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Study: A fifth of the world's vertebrates at risk of extinction

By the CNN Wire Staff
STORY HIGHLIGHTS
  • The number of species facing extinction is rising, according to scientists
  • However, conservation efforts are helping reduce the overall rate
  • Amphibians are the most threatened animals, study says

(CNN) -- A fifth of the world's vertebrates are facing extinction because of invasion and the effects of agriculture, a global study warned Wednesday.

The number of species facing extinction is rising, according to scientists, but conservation efforts are helping reduce the overall rate.

"The backbone of biodiversity is being eroded," said Edward O. Wilson, a professor and ecologist at Harvard University. "One small step up the Red List is one giant leap forward towards extinction. This is just a small window on the global losses currently taking place."

Scientists launched the study, dubbed the Red List, at the United Nations biodiversity summit in Nagoya, Japan, where talks on protecting the environment are under way.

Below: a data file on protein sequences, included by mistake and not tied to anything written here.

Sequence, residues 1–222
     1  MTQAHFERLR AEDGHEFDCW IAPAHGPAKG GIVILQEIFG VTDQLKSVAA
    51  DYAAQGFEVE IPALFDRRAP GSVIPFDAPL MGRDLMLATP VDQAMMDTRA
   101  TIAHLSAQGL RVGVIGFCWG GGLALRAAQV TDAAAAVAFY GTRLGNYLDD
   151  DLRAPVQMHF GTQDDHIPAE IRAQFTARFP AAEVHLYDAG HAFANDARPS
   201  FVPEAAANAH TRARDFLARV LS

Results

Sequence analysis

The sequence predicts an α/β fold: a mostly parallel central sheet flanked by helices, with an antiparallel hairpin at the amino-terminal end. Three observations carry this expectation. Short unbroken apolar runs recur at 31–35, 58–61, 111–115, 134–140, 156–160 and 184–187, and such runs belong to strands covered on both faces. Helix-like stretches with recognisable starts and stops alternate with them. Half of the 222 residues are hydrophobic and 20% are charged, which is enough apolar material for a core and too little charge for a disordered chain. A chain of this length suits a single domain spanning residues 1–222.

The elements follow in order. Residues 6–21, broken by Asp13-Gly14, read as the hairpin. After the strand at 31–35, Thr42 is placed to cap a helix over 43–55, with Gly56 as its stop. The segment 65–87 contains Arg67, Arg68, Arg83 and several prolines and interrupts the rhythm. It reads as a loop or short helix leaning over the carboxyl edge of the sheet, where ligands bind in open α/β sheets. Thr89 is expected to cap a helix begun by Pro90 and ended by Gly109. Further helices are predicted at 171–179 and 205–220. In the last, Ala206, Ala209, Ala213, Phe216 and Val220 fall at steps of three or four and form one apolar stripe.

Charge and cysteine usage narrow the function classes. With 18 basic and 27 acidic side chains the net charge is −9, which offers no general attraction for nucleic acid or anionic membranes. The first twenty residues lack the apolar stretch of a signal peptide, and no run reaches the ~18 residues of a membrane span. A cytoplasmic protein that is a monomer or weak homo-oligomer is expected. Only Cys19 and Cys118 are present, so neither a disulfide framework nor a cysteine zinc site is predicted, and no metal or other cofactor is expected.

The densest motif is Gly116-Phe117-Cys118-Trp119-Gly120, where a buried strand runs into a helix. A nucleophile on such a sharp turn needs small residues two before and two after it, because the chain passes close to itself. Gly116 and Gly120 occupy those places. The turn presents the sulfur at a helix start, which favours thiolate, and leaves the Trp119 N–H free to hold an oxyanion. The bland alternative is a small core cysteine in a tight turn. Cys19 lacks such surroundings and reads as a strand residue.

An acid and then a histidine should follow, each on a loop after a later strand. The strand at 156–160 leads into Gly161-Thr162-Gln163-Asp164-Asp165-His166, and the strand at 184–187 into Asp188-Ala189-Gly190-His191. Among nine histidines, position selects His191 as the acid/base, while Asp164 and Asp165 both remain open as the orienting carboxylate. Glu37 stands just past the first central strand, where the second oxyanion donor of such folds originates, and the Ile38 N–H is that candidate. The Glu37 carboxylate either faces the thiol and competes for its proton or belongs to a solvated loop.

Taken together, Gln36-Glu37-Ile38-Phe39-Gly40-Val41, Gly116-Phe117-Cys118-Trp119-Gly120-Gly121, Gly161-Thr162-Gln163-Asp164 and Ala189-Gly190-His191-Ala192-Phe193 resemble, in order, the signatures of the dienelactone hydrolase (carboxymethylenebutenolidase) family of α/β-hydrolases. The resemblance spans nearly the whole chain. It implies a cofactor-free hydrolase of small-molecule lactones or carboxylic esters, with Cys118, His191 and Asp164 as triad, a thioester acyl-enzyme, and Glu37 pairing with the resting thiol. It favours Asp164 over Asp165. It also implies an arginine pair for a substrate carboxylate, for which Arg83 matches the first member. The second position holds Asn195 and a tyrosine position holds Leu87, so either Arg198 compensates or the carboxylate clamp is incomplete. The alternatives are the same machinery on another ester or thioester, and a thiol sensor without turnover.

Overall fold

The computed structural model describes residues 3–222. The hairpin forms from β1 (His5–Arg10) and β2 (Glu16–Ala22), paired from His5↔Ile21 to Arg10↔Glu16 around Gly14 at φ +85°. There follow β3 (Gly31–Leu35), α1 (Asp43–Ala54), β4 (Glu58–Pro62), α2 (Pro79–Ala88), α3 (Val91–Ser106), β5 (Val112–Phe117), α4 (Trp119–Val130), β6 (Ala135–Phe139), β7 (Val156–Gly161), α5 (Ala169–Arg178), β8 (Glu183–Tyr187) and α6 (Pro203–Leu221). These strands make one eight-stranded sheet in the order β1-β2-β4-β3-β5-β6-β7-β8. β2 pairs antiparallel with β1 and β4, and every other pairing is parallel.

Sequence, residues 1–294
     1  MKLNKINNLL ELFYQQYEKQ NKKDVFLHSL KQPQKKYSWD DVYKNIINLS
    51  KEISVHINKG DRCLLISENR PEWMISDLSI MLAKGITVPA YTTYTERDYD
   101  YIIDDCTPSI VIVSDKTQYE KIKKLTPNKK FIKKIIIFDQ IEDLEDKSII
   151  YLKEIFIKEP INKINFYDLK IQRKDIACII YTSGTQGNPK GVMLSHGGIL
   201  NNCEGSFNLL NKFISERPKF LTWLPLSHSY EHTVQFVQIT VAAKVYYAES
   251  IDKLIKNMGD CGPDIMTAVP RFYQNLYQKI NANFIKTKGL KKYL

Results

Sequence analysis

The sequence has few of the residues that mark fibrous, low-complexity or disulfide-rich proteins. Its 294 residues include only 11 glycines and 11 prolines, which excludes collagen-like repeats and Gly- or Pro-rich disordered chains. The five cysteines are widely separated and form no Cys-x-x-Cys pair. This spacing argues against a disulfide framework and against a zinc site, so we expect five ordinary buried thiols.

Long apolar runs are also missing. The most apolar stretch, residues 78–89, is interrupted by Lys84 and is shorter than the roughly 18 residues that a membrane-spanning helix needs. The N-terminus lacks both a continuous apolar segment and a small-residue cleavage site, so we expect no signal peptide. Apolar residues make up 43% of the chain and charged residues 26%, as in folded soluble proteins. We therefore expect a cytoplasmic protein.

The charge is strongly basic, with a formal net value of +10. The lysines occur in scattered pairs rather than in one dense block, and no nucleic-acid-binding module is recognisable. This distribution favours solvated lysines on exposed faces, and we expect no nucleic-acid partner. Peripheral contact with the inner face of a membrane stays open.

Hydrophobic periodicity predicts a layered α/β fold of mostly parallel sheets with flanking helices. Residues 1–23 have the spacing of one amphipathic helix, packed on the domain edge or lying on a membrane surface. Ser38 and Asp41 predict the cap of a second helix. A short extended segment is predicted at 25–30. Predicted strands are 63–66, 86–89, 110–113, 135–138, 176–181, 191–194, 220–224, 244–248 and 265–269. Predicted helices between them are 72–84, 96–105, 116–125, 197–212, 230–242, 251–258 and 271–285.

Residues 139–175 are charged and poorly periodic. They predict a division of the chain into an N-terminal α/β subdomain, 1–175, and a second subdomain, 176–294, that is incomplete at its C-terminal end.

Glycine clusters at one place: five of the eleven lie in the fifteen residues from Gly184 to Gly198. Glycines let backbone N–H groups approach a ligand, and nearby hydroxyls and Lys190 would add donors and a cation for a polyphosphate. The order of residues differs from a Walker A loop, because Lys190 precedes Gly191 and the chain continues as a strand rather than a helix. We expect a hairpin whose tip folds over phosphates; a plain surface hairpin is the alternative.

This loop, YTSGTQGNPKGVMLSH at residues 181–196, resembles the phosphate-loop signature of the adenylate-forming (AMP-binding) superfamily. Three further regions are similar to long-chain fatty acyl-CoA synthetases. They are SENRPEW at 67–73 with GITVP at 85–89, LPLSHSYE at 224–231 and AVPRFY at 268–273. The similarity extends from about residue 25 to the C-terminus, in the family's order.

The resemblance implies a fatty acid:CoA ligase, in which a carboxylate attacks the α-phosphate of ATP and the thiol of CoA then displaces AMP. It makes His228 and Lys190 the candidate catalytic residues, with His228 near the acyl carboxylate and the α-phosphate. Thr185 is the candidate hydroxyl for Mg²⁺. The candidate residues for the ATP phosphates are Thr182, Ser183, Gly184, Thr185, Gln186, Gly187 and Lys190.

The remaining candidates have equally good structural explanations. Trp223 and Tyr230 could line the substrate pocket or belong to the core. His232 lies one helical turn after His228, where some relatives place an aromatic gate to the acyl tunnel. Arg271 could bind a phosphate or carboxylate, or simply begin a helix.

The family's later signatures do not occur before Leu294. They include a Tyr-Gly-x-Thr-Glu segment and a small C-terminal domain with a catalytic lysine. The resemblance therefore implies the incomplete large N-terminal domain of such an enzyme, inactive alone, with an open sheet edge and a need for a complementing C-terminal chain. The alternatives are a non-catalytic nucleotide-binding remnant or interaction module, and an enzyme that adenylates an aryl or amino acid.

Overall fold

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The study, which will also be published in the journal Science, found that at least 41 percent of amphibians are closer to extinction, making them the most threatened animals.

Thirteen percent of birds qualify to be on the list.

Scientists used data from 25,000 species to study the world's mammals, birds, amphibians, reptiles and fish.

"On average, 50 species of mammal, bird and amphibian move closer to extinction each year due to the impacts of agricultural expansion, logging, over-exploitation and invasive alien species," the report says.

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The study singled out 64 mammals, birds and amphibian species whose status has improved, including three species once considered extinct that have made a comeback amid conservation efforts. They are the California Condor and the black-footed ferret in the United States, and the Przewalski's horse native to Mongolia.

Southeast Asia had the most losses because of rapid expansion of palm oil farms, timber operations and rice crops, according to the study. A deadly fungus that affects amphibians contributed to losses in parts of Central America, the tropical Andes of South America and Australia.

The study confirms other reports of continued losses in biodiversity.

However, the scientists say it's the first to present evidence of the effects of conservation efforts worldwide.

"Results show that the status of biodiversity would have declined by nearly 20 percent if conservation action had not been taken," the report says.